You have a good idea – hosting a blind wine tasting party at your home – but how do you make it more fun and less academic? Is tasting too serious to be fun?
No worries! Follow these tips to create the kind of party you want, with fine wines, great conversation and plenty of shared wine knowledge.
First, focus on the wine itself. You might choose to showcase a specific grape, such as Pinot Noir, or a region such as Sonoma or Rioja. Your guests will supply the wine; you might ask them to bring bottles from wineries they’ve visited – you’ll hear stories about winemaking and vineyards and picnic tables. A theme holds the evening together.
Who, of all the people you know, would enjoy the experience of drinking and reflecting on wines? Choose up to twelve guests who have a sense of adventure. Any more than twelve can be distracting; eight is the perfect number for interaction.
In the invitations, advise guests not to wear perfume, drink coffee, or smoke prior to the party. You’ll want to specify the types of wine you’d like them to bring. If guests are also bringing food, suggest they bring an appetizer or dessert that pairs well with their chosen wines.
When it’s party time, people will want to gather in the kitchen to mingle. Be ready to pour as soon as everyone has arrived. If all the wines are red, provide each person with a red-wine glass, but if you’re serving both reds and whites, a narrower glass (but still with plenty of room for swirling) will be a better choice. Make sure water and crackers are available for palate cleansing.
Open the bottles in a separate room. Remove the foil and corks, and wrap the bottles in plain brown bags so the labels are hidden. Ask one of your guests to rearrange them in any order then label them A, B, C and so on.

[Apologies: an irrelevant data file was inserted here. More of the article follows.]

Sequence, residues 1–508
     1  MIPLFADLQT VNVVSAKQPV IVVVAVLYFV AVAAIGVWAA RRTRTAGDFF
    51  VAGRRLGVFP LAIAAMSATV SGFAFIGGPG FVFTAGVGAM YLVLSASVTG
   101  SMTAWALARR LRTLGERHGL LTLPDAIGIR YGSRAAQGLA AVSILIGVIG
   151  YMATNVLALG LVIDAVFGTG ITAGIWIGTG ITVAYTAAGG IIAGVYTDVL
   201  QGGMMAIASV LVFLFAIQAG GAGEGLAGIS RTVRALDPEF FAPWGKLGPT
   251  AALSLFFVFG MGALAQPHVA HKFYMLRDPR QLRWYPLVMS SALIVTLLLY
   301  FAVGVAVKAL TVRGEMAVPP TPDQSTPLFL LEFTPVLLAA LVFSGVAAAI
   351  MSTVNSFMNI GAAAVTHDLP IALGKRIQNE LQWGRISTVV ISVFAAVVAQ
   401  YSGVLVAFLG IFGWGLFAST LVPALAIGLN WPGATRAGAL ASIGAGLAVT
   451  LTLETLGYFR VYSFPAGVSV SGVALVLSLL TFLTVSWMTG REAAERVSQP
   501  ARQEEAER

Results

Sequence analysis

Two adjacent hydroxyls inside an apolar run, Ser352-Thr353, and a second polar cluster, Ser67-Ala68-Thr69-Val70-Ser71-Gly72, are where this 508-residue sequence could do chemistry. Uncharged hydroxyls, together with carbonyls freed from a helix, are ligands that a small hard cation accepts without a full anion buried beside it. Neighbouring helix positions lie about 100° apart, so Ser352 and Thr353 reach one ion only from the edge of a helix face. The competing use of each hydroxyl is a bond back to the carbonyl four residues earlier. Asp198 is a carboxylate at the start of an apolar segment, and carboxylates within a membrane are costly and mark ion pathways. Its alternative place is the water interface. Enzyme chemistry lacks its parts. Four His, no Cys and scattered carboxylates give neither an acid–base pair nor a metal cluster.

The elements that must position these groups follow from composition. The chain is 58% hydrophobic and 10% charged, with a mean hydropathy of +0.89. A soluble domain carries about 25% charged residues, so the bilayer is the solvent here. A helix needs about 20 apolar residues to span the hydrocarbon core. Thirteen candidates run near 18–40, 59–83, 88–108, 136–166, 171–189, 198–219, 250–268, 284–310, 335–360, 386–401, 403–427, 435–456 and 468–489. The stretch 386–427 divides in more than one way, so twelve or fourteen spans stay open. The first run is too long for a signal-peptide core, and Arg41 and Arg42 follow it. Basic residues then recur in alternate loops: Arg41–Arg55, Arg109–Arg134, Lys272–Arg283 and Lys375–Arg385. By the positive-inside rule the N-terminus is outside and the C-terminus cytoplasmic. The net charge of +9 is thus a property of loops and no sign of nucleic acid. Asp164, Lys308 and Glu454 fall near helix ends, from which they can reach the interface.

Here’s where the fun starts because your guests didn’t know it would be a blind tasting. A wine expert may contribute a $100 bottle while a beer drinker brings a low-cost vino, but at this party they’re on an equal playing field.
If some of your guests are wine novices, you might want to give a quick tasting lesson. Demonstrate how to raise glasses to assess clarity and color, swirl to show the wine’s “legs” inside the glasses, smell, sip and move the wine to the back of the tongue, linger before swallowing, and savor the finish. Mention how acid causes the mouth to water, like sucking a lemon, and how tannins coat and dry the mouth. Invite guests to describe what they observe about the taste and surprise the inexperienced when they detect woodiness, floral, and savory tastes.
Pour about two sips, just enough to cover the bottoms of the glasses, per person. Save the rest to drink with the food later. The tasting is merely an introduction to the wines.
Prepare simple “tasting sheets” with each bottle’s letter and a grid for appearance, aroma, and taste. Provide options for color, clarity, intensity, complexity, balance (which you may need to define) and finish. Inexperienced tasters will learn to appreciate the nuances. At the bottom of each tasting sheet, ask guests to rate each wine on a scale of 1-10.
When everyone has finished tasting, take the bottles out of their bags and reveal the wines’ identities. Ask each guest to introduces the wine he or she brought, including pricing, and tell the others why they selected that bottle. If they have good stories to share about their experience with that wine, encourage them to share it; they may have discovered it at a café in Rome, or drank it on their first date with their spouse.
While your guests are sharing that information, tally up the wine scores, because the top scorer gets a prize! Reward the guest who brought the “winning” wine with a bottle that wasn’t included in the sampling – a nice Cava or other dry bubbly would be a good choice this season.
Lastly, here’s a reminder about serving wines in order: during dinner, offer the lighter, fruitier wines before bolder reds. Since you won’t know in advance which wines guests will bring, don’t worry too much about pairing their wines with your food – just have a bottle or two on hand that pair well with the meal.
By the time guests begin to eat, they’re hungry and relaxed, have more stories to tell, and know a little more about food and wine. Follow these tips and the evening is sure to be a success.